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Executives

Andrew Cantor – Investor Relations

Tom Toomey – President and CEO

David Messenger – SVP and CFO

Jerry Davis – SVP, Property Operations

Mark Wallis – Senior EVP

Warren Troupe – Senior EVP, General Counsel and Corporate Secretary

Analysts

David Toti – Citigroup

Swaroop Yalla – Morgan Stanley

Jay Habermann – Goldman Sachs

Mark Biffert – Oppenheimer

Michael Levy – Macquarie

Michelle Ko – Bank of America

Dave Bragg – ISI Group

Anthony Paolone – JP Morgan

Dustin Pizzo – UBS

Ross Nussbaum – UBS

Rob Stevenson – Fox-Pitt Kelton

Karin Ford – KeyBanc

Michael Salinsky – Royal Bank of Canada Capital

Paula Poskon – Robert W. Baird

Steve Sakwa – ISI Group

Mike Liddell [ph] – AIG

Andrew McCulloch – Green Street Advisors

Jordan Sherman [ph] – Parental Real Estate

Jon Litt – Citigroup

Michael Bilerman – Citigroup

UDR, Inc. (UDR) Q3 2009 Earnings Call Transcript October 19, 2009 5:00 PM ET

Operator

Good afternoon, ladies and gentlemen. Thank you for standing by. Welcome to the UDR third quarter earnings conference call. During today’s presentation, all parties will be in a listen-only mode. Following the presentation, the conference will be open for questions. (Operator instructions) This conference is being recorded, Monday, October 19th of 2009. I would now turn the conference to our host, Tom Toomey, President and CEO. Please go ahead, sir.

Andrew Cantor

Thank you for joining us for UDR’s third quarter financial results conference call. Our third quarter press release and supplemental disclosure package were distributed earlier today and posted to our website, www.udr.com. In the supplement, we have reconciled all non-GAAP financial measures to the most directly comparable GAAP measure in accordance with Reg G requirements.

I would like to note that statements made during this call, which are not historical, may constitute forward-looking statements. Although we believe the expectations reflected in any forward-looking statements are based on reasonable assumptions, we can give no assurance that our expectations will be met. A discussion of risks and risk factors are detailed in this evening’s press release and included in our filings with the SEC. We do not undertake a duty to update any forward-looking statements.

When we get to the question-and-answer portion, we ask that you be respectful of everyone's time and limit your questions and follow-up. Management will be available after the call for your questions that did not get answered on the call.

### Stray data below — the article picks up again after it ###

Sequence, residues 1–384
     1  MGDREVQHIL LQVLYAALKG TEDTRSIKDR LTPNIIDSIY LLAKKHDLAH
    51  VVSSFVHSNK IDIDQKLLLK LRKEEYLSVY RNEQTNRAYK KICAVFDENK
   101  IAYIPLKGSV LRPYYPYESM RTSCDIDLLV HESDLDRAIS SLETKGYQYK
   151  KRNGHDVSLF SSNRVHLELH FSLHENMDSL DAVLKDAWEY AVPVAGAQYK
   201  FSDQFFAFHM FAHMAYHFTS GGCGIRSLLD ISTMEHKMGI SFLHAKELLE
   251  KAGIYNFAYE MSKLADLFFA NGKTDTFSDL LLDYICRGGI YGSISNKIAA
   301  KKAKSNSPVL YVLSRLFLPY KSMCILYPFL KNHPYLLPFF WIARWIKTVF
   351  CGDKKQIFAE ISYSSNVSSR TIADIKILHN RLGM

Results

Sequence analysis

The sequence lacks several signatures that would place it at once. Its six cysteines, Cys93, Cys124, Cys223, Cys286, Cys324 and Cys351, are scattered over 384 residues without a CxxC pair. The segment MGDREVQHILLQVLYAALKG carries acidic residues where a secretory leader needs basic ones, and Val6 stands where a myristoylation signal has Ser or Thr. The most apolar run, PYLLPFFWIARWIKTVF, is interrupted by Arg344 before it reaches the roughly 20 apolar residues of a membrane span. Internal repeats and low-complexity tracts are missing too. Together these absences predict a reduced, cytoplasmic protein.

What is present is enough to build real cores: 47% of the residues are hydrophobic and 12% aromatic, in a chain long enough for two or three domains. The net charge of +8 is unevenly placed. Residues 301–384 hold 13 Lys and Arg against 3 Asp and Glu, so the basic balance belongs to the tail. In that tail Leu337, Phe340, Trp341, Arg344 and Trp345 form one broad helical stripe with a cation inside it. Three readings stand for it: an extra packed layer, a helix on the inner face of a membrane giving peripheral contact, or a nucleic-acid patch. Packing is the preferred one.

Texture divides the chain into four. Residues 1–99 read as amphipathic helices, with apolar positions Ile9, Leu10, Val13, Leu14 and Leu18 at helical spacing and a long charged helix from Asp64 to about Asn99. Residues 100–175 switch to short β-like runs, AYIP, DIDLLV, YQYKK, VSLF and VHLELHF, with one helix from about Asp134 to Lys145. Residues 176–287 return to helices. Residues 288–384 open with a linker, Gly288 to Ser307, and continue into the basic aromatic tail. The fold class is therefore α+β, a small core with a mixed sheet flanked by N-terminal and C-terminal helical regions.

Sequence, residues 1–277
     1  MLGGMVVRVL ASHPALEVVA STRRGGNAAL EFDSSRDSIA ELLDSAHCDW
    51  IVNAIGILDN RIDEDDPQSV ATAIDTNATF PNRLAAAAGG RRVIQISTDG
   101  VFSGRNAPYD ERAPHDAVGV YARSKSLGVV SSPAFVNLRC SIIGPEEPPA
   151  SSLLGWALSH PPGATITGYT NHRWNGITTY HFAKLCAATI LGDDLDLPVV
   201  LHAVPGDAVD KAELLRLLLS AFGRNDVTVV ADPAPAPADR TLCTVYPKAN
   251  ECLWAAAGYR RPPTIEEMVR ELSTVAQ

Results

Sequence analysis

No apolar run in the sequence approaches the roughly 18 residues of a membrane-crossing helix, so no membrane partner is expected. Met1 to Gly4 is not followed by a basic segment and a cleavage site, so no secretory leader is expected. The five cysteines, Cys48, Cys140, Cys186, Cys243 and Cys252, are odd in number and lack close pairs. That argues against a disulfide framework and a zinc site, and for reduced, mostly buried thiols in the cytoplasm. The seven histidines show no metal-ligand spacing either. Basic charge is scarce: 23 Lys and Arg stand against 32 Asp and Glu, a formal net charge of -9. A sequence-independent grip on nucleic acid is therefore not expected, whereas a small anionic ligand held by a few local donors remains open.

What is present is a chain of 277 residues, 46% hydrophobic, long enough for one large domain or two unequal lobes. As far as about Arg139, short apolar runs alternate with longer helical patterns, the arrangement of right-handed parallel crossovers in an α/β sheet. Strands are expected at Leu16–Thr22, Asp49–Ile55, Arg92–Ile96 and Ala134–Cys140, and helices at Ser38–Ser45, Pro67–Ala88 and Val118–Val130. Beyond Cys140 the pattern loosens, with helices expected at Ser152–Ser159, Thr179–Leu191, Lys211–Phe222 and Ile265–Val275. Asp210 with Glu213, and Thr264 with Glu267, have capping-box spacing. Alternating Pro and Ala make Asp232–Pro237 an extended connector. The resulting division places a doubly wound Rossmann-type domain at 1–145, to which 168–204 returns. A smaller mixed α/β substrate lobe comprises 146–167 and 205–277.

I will now turn the call over to our President and CEO, Tom Toomey.

Tom Toomey

Thank you, Andrew. And good evening to everyone. Welcome to UDR’s third quarter conference call. With me today are Jerry Davis, Senior Vice President of Operations; David Messenger, Chief Financial Officer, who will discuss our results; as well as our Senior Executive Vice Presidents, Mark Wallis and Warren Troupe, who will be available to answer questions during Q&A.

After the market closed today, UDR announced that it achieved core FFO per share of $0.31 compared to $0.30 last year. This quarter’s FFO results were impacted by two items. One, a $0.10 charge related to non-cash equity loss on the company’s investment in a development joint venture and a $0.02 charge associated with our bond tender. Including these amounts, our reported FFO per share is $0.19.

During the quarter, we engaged in a number of capital market activities. In September, we completed a bond tender. The tender was at a 10% premium, but was the right decision, as we realized interest savings over the long-term and were able to modify our bond covenants. Furthermore, in mid-September we initiated at-the-market stock issuance program where we sold roughly 2.3 million shares at an average price of $14.89.

In addition to our efforts to lower our interest expense via our bond tender and to raise our equity opportunistically through the ATM program, UDR secured a 10-year $200 million facility with Fannie Mae at a weighted average interest rate of 5.28% and entered into a $450 million acquisition joint venture with Kuwait Finance House. These activities will be discussed in detail during Dave’s remarks.

These activities further illustrate that the market’s willingness to provide strong multi-family operating platforms like UDR with capital necessary to fortify its existing balance sheet and capital to take advantage of anticipated acquisition opportunities.

From an operating perspective, as we have discussed in the prior calls, the economy certainly remains challenging due to the continued job loss and increasingly tough comparables in the field. However, we remain encouraged by how effective we have been executing despite these headwinds.

To that end, in the quarter, we limited our same store NOI decline to 3.7% on a year-over-year basis and 1% through September 30th and continue to maintain occupancies above 95%. We have been communicating throughout this year that rental growth will be allusive in the near-term as we go through a bottoming process. But the scarcity of new product to compete with in most of our markets and the minimal vacancy in our portfolio should allow us to push rental rates when the job market recovers.